JUNEAU — An Alaska state lawmaker is making her way back to the state capital after refusing what she called an invasive pat-down search at a Seattle airport.
Rep. Sharon Cissna, D-Anchorage, underwent a body scan as she was preparing to leave Seattle-Tacoma International Airport on Sunday. In a statement released late Monday, she said scan results displayed — as they had during a prior episode three months earlier — the scars from her breast cancer.
This caught the attention of the Transportation Safety Administration, Cissna said, but she refused to submit to the “invasive, probing hands of a stranger” this time.
“Facing the agent I began to remember what my husband and I’d decided after the previous intensive physical search. That I never had to submit to that horror again!” she said. “It would be difficult, we agreed, but I had the choice to say no, this twisted policy did not have to be the price of flying to Juneau.”
Cissna’s chief of staff, Michelle Scannell, said Cissna had had a mastectomy. The TSA, on its website, says security officers “will need to see and touch your prosthetic device, cast or support brace as part of the screening process.”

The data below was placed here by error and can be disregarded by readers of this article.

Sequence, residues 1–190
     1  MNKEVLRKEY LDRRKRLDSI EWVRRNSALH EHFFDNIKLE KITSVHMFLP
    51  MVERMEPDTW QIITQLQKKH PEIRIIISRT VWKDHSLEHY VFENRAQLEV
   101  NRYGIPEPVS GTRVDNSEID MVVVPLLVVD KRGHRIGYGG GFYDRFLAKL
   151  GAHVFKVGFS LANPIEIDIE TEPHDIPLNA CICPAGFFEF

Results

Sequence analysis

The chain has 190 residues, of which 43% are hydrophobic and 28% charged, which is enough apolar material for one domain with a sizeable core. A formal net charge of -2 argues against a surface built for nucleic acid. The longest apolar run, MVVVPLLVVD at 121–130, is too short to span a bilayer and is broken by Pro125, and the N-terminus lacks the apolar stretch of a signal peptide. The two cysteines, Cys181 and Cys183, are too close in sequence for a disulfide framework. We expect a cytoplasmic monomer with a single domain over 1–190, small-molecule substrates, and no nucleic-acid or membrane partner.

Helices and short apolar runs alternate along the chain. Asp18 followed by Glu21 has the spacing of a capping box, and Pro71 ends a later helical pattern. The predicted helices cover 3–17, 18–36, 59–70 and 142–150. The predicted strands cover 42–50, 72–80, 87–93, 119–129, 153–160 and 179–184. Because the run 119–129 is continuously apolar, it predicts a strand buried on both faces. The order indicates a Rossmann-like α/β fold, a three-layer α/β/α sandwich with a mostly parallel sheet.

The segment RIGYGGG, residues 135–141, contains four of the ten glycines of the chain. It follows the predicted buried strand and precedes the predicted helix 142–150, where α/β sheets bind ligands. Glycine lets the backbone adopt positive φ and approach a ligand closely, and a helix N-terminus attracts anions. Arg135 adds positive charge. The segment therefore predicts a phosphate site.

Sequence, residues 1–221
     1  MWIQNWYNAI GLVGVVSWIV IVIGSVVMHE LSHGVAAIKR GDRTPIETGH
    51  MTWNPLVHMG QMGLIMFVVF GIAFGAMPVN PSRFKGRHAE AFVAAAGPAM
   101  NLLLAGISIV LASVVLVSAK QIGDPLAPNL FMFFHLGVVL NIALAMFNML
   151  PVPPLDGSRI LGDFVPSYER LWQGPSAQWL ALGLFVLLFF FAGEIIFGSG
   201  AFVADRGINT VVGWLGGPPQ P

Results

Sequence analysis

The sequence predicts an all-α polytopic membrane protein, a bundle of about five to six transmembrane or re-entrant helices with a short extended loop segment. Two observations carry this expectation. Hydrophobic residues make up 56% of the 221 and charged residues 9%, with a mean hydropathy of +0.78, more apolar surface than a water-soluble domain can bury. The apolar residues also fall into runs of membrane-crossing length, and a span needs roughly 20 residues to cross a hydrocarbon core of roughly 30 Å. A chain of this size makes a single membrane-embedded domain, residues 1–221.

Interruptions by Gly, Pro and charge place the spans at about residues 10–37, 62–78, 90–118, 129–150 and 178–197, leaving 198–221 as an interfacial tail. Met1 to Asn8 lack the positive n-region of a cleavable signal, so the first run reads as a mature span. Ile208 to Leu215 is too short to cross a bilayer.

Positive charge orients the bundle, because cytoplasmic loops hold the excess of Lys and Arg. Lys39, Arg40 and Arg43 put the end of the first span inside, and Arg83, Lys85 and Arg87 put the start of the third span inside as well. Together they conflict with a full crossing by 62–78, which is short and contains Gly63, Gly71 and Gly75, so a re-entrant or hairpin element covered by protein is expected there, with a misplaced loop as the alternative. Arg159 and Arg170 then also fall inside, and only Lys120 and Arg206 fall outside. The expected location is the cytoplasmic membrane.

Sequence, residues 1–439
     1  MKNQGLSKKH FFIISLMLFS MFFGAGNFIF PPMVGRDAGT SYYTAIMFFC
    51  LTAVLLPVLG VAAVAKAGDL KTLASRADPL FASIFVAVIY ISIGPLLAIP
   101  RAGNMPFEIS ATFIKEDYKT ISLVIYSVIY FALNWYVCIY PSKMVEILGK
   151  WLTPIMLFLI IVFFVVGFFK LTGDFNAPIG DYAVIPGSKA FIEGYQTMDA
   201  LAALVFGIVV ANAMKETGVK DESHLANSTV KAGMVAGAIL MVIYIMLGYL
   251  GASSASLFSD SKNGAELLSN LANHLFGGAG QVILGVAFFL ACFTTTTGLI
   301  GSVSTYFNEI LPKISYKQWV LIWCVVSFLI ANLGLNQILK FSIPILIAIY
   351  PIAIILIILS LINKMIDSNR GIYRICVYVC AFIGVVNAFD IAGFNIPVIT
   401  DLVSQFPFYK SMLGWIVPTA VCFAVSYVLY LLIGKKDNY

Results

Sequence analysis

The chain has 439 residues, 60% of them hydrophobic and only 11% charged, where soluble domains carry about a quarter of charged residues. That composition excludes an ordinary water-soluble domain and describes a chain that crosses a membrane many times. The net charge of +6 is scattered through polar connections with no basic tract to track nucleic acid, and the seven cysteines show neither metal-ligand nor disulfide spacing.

Cissna had been in Seattle for unspecified medical treatment and was attempting to return to Juneau, where the Legislature is in the midst of a 90-day session. The city is only accessible by air or water.
Scannell said Cissna was scheduled to return to Alaska via ferry but did not immediately say how soon. Cissna did not address that in her statement.
TSA spokesman Kawika Riley, after being asked to respond to Cissna’s comments, issued a general statement that did not mention Cissna or the Anchorage Democrat’s claims. He said TSA is “sensitive to the concerns of passengers who were not satisfied with their screening experience and we invite those individuals to provide feedback to TSA.”
Riley did not immediately return a phone message Monday.
Both full body scanners and pat-down searches have come under increasing criticism as the TSA has stepped up its airport security measures.
Cissna, an outspoken advocate on health care issues, said she also has fought for the rights of assault victims for nearly 50 years.
“The very last thing an assault victim or molested person can deal with is yet more trauma and the groping of strangers, the hands of government ‘safety’ policy,” she said.
“The freedom of travel should never come at the price of basic human dignity and pride,” she said.